Cavanaugh-Simmons’s company is CCS Consulting, where she works with leaders and organizations that want to project a memorable identity, drive positive change, and rapidly cascade strategy through the stories they tell. Cavanaugh-Simmons uses stories, storytelling, and narrative process to coach executives and organizations of all sizes through post-merger integration, branding, leadership development, visioning, and strategic planning.

iBook of 150 Life Stories is Free This Week

I’ve cited Reader’s Digest several times in this blog as a major early source of my passion for stories and anecdotes.

Just happened to notice in my Web wanderings today that the magazine’s The Best Life Stories is free on iTunes or the iBook app this week. Here’s a description from iTunes:

Carefully selected from more than 6,500 essays, this wonderful collection of more than 80 stories reveals pure, common wisdom at its best, shared by ordinary people who look at life in an extraordinary way. From heartbreaking accounts to amusing snapshots, The Best Life Stories will leave you feeling hopeful, resilient, and optimistic that happiness can be found even in the darkest moments. Born out of a Reader’s Digest Facebook contest that challenged readers to write their life stories in 150 words or less, this book features the editors’ Top Picks, such as the inspirational tale of . . .

    • one father’s desolation and the renewal he found in his family’s faith and love.
    • one woman’s ability to let go of her abusive past after rescuing an abused dog.
    • a mother’s pride in a life-changing decision made by her autistic daughter.
    • a breast cancer patient’s realization that her identity goes way beyond her diagnosis.
    • a free-spirited woman’s choice to live on her own terms.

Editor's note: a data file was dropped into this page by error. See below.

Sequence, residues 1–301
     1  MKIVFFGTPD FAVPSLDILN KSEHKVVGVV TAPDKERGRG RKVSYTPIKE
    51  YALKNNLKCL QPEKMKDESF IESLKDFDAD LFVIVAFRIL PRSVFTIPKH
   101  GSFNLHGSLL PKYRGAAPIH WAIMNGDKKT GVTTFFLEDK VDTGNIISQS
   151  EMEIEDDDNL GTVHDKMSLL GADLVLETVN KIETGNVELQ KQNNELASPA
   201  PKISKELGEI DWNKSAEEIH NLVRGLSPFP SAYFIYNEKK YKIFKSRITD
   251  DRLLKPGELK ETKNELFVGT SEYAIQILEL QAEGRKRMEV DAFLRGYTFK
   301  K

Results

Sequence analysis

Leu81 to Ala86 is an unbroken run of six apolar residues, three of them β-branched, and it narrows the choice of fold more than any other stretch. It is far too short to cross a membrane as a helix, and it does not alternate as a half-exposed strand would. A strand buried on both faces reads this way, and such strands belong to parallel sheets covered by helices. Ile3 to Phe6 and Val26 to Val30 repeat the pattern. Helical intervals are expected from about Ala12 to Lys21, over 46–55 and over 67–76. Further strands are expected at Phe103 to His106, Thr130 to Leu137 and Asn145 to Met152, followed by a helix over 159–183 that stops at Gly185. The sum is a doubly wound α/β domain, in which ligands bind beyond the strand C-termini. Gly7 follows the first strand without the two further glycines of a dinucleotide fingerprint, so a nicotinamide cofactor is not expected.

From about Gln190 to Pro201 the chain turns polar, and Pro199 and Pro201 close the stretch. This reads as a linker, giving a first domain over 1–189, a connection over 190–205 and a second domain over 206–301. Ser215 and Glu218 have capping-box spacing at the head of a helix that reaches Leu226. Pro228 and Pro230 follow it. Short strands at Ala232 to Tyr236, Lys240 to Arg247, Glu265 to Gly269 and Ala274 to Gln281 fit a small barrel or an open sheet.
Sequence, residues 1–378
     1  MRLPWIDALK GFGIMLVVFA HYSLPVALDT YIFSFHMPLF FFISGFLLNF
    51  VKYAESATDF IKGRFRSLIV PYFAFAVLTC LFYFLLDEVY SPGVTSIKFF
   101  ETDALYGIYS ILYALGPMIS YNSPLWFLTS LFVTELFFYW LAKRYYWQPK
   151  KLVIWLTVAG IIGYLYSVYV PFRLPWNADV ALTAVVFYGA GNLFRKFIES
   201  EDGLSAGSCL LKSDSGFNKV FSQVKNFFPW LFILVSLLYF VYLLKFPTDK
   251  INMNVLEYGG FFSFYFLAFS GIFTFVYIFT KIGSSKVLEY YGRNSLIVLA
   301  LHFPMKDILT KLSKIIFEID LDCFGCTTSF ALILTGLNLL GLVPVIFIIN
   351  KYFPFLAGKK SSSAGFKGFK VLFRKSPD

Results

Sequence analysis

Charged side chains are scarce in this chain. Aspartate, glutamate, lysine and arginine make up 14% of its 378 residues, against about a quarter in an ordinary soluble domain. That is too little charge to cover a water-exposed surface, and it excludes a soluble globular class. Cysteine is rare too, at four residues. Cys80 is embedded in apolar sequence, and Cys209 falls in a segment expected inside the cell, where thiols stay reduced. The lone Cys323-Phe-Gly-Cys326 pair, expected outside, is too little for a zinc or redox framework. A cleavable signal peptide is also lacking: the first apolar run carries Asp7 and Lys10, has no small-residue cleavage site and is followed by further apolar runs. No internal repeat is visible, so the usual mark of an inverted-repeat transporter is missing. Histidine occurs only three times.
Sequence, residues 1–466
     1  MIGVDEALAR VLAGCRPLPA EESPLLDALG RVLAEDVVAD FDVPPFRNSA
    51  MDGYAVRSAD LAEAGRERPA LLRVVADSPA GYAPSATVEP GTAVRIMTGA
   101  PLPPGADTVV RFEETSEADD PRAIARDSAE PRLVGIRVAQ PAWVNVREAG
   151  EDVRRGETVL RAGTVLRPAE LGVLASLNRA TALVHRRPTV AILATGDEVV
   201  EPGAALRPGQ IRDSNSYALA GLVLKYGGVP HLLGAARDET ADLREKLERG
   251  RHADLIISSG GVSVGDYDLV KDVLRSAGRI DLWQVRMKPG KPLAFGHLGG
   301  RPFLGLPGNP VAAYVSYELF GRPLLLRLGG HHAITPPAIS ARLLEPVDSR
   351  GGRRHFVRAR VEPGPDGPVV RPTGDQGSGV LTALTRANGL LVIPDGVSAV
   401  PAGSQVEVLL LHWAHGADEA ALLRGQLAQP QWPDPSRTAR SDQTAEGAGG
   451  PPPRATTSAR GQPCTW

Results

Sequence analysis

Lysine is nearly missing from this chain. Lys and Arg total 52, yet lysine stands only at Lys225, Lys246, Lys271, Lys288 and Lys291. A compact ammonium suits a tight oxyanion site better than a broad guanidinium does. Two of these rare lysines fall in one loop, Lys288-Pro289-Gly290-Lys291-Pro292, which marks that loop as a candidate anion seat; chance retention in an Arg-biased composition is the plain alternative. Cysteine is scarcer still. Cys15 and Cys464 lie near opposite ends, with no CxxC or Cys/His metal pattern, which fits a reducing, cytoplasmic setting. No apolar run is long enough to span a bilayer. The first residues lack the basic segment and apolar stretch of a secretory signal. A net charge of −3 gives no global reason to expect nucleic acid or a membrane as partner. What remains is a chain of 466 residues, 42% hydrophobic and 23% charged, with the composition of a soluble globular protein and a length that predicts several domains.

• a young girl’s proud recognition of her grandfather’s simple but profound legacy.

Slideshow Conveys Fabled Design Message

Update: I’m a little rusty about posting to this blog after my 5-month hiatus and forget that when I embed things like slideshows and videos, email subscribers can’t see them. In addition, yesterday, I found something else inexplicably running in the space where the slideshow should be. Bottom line: It’s always a good idea to include the URL of a slideshow or video in my posts. Click here for the slideshow referenced in this post if you can’t see it below.

I’m always on the lookout for elegant slideshow presentations that are not text-heavy but can stand on their own without narration.


One that’s attained some recent buzz is the one below, which uses story to convey its message. “The Great Eye Learns to See” is described as a “fable about using design to help your audience see your message clearly. And what to avoid. For directors, designers, instructional designers, and presenters.”

Although the story appears as text, it is unobtrusively at the bottom of the screen, kind of like closed-captioning.

The images and graphics are lovely, and the slideshow gets its point access. Ultimately it’s a pitch for its designer’s book, but the journey to the pitch is engaging. The book also looks intriguing.